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The Cambridge Handbook of the Law of the Sharing Economy
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Book description

This Handbook grapples conceptually and practically with what the sharing economy - which includes entities ranging from large for-profit firms like Airbnb, Uber, Lyft, Taskrabbit, and Upwork to smaller, non-profit collaborative initiatives - means for law, and how law, in turn, is shaping critical aspects of the sharing economy. Featuring a diverse set of contributors from many academic disciplines and countries, the book compiles the most important, up-to-date research on the regulation of the sharing economy. The first part surveys the nature of the sharing economy, explores the central challenge of balancing innovation and regulatory concerns, and examines the institutions confronting these regulatory challenges, and the second part turns to a series of specific regulatory domains, including labor and employment law, consumer protection, tax, and civil rights. This groundbreaking work should be read by anyone interested in the dynamic relationship between law and the sharing economy.


‘This book compiles the work of highly prominent thinkers on the sharing economy. It leaves no stone unturned and includes a comprehensive discussion of the most relevant theoretical and empirical debates on a phenomenon that has reshaped social, economic, and labor relationships. This is not only The Cambridge Handbook of the Law of the Sharing Economy, it is ‘the' book on the sharing economy.'

Sofia Ranchordás - Chair of European and Comparative Public Law, University of Groningen, The Netherlands

‘As the sharing economy continues to expand, it presents an ever-growing list of challenges to policy makers, judges, and scholars alike. How can the law keep up? This fascinating collection provides a treasure trove of cutting-edge scholarship from across the disciplines. An invaluable starting point for anyone interested in gigs, platforms, and the future of work.'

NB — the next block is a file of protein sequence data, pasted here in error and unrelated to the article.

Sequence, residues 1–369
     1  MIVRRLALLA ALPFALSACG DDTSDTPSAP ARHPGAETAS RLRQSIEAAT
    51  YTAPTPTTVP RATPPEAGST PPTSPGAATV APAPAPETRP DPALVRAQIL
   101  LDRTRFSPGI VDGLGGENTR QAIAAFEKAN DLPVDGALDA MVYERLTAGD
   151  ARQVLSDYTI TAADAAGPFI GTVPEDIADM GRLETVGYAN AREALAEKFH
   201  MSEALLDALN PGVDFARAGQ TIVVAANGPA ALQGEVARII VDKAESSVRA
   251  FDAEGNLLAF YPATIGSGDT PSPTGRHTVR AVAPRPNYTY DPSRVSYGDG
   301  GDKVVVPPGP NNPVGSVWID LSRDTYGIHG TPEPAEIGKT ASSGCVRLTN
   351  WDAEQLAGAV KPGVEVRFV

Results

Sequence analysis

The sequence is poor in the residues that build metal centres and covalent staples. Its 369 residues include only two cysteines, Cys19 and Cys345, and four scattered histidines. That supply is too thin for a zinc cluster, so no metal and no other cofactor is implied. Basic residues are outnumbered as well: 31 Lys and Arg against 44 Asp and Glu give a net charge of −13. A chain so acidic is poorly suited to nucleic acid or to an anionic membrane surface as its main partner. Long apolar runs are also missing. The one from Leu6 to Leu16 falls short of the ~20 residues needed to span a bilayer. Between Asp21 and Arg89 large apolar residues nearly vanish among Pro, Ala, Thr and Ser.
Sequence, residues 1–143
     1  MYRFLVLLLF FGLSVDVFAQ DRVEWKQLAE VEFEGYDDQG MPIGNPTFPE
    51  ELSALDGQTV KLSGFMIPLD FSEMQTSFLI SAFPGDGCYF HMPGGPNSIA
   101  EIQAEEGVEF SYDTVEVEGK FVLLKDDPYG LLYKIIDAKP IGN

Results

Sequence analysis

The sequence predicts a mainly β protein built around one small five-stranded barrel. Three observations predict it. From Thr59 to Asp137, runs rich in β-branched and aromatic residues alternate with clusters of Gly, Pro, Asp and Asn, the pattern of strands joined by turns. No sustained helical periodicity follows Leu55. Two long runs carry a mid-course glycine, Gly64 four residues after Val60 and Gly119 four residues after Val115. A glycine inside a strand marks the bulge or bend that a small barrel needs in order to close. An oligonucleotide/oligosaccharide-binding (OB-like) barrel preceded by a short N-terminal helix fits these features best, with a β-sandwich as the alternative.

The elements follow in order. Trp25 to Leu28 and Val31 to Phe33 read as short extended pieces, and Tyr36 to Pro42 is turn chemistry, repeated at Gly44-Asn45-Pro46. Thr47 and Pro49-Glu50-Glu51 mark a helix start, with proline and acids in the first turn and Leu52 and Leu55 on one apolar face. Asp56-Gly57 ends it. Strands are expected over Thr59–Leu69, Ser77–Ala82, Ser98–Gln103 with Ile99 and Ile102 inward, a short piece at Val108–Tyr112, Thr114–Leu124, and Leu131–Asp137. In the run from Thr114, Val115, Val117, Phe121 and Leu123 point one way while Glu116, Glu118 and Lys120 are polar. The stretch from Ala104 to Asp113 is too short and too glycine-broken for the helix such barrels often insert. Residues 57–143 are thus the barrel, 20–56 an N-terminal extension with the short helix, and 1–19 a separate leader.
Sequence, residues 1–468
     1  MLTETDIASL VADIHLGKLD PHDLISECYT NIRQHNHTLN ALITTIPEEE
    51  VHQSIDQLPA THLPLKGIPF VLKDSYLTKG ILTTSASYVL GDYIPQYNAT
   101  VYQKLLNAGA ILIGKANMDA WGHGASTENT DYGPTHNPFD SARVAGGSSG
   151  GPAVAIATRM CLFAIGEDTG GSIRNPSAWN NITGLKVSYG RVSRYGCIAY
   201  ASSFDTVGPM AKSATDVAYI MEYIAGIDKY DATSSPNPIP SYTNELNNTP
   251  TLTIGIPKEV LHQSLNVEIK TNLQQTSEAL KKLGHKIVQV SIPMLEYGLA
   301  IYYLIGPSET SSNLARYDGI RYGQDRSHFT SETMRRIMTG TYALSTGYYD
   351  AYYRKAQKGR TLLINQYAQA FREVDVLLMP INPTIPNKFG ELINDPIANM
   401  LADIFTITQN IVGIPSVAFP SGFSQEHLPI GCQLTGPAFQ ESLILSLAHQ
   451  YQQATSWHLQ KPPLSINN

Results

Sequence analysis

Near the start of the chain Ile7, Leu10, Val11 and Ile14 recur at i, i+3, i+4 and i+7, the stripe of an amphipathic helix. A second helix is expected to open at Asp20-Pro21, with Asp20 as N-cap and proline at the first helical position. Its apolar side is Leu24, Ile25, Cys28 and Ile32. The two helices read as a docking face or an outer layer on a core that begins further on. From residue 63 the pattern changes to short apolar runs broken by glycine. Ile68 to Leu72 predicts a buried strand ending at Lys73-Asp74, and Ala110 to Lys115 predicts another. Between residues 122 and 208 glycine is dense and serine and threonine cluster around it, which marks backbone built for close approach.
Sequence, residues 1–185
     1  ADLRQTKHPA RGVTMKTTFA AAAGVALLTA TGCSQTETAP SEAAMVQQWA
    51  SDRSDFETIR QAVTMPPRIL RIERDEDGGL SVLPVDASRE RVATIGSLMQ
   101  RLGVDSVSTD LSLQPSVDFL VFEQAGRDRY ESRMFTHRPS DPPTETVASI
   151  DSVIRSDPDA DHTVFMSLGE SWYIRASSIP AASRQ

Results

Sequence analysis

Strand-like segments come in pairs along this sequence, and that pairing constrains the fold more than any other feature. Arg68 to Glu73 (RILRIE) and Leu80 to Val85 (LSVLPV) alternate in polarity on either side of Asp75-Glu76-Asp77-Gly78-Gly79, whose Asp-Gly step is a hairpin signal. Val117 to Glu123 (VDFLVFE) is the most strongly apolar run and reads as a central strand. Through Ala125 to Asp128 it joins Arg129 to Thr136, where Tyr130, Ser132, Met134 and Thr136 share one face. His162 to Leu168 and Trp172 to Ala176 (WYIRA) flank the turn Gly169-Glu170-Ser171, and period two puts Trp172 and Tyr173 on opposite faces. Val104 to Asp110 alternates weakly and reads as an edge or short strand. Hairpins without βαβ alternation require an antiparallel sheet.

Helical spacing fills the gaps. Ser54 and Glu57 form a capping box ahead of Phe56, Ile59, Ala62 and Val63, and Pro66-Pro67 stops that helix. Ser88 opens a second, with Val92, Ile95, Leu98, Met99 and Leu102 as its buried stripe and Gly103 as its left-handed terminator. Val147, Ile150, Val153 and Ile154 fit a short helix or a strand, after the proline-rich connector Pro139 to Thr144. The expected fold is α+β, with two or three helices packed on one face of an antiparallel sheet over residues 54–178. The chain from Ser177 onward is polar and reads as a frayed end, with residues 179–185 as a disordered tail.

Jeremias Prassl - University of Oxford

‘Governments have had difficulty figuring out the ‘sharing economy'. They've needed a handbook, written by leading scholars, that explains how laws and regulations can and should harness the great opportunities and address the novel legal challenges created by firms like Uber, AirBnB, and the like. This is it! It belongs on the shelf of every legislator, regulator, tech executive, and scholar in the field.'

David Schleicher - Yale Law School

‘This incredibly timely and helpful handbook marshals the best available evidence about the effects the sharing economy may have on residents, workers, businesses, neighborhoods, and tax rolls, and thoughtfully draws out the policy implications of that evidence. It should be required reading for government regulators around the world!'

Vicki L. Been - Boxer Family Professor of Law at New York University and Faculty Director of NYU's Furman Center for Real Estate and Urban Policy

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